Despite the name change, this is very much a case of evolution rather than revolution. But that’s all the GT86 needed.
Toyota has clearly listened to criticisms of the old car, which was compromised by its tacky interior, slightly gutless engine and occasionally remote steering. All three of those complaints have been directly addressed and as a result the GR86 is a driver’s car that’s much harder to find fault with – especially for the price.
Of course, you won’t be negotiating the Gotthard Pass every day of the week, so it’s gratifying to know that the GR86 is also decent enough at motorway cruising for a couple of hours. Yes, there are better cars for that task, but the trade-off is that they aren’t as direct or as raw when you want to have some driving enjoyment.
And fun is indeed where this car’s emphasis lies. It’s hard not to drive the GR86 with a grin on your face. The fact that it acquits itself pretty well in other areas, and should be reliable too, is simply the cherry on top.
On test: Toyota GR86
Body style: two-door coupé
On sale: now
How much? £29,995 on the road (range from £29,995)
How fast? 140mph, 0-62mph in 6.3sec
How economical? 32.1mpg (WLTP Combined)
Engine & gearbox: 2,387cc four-cylinder petrol engine, six-speed manual gearbox, rear-wheel drive
Electric powertrain: N/A
Maximum power/torque: 231bhp/184lb ft
CO2 emissions: 200g/km (WLTP Combined)
VED: £1,420 first year, then £165
Warranty: 3 years / 60,000 miles (extendable by 1 year / 10,000 miles at each main dealer service, up to 10 years / 100,000 miles)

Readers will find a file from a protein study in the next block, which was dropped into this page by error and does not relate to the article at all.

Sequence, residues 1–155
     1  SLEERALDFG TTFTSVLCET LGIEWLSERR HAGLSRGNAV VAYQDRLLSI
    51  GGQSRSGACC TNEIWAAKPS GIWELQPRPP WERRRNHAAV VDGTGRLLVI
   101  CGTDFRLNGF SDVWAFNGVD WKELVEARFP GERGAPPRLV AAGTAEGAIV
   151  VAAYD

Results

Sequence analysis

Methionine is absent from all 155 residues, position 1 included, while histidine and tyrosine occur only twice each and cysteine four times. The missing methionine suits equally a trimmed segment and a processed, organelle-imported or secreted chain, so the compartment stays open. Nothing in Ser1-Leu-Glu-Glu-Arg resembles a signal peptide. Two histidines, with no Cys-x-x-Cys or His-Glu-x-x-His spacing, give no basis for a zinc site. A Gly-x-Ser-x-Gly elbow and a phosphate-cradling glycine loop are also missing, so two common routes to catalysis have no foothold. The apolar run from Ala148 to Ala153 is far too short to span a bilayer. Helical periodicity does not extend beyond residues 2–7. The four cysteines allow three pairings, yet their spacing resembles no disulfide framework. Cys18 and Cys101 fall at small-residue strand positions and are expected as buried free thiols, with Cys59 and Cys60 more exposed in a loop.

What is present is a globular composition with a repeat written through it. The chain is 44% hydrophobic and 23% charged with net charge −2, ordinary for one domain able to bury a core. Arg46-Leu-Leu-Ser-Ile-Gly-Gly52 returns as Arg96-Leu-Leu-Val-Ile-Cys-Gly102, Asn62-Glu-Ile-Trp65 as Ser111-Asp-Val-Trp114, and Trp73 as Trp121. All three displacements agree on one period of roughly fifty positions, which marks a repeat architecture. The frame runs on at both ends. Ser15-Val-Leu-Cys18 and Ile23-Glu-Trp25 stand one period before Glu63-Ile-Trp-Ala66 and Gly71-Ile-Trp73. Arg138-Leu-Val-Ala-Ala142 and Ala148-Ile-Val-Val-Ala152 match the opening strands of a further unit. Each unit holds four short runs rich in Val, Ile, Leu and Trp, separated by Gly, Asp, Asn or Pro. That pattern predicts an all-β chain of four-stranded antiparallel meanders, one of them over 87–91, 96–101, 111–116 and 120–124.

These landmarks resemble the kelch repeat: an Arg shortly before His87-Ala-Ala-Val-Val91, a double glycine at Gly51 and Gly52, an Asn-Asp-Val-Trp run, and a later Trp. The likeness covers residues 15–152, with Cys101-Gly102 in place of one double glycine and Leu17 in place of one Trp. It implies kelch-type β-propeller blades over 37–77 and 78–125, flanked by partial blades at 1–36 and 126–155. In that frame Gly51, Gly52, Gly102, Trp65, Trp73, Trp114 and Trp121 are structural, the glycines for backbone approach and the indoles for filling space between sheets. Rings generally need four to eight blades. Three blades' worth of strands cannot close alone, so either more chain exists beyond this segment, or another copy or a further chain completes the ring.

Spare wheel as standard: no (not available)
BMW 220i M Sport Coupe
181bhp, 44.1mpg, £37,245 on the road
Don’t knock this entry-level BMW; the 220i sits in quite a sweet spot, about part-way between the TT and the GR86 in terms of excitement and usability. It’s a brilliant all-rounder too. You get a huge boot and generous rear seats, an upmarket interior and excellent fuel economy. And while it isn’t quite as involving as the Toyota, it’s still pretty good fun. It doesn’t come cheap, though.
Audi TT Sport 45 TFSI
242bhp, 35.3mpg, £38,730 on the road
The TT is not long for this world, but you can still grab one if you’re quick. The entry-level 40 TFSI gets closer to the GR86 on price, but this version is more of a match in terms of power. This is a smart, slick coupé that still has one of the most beautifully crafted interiors of any car – but it can’t get close to the GR86 for deftness, agility or sheer excitement.
Mazda MX-5 2.0 Exclusive-Line RF
181bhp, 37.2mpg, £32,250 on the road
You get less grunt and less warranty with this convertible hard-top MX-5, though there’s no doubting it’s just as much of a riot – perhaps even more so – to drive. It’s still as lovely as ever inside, too, and despite now being almost seven years old it doesn’t yet look dated. Really, your decision will ride on whether you value the Mazda’s open-air option more than the Toyota’s rear seats and boot space. Either way, you won’t lose.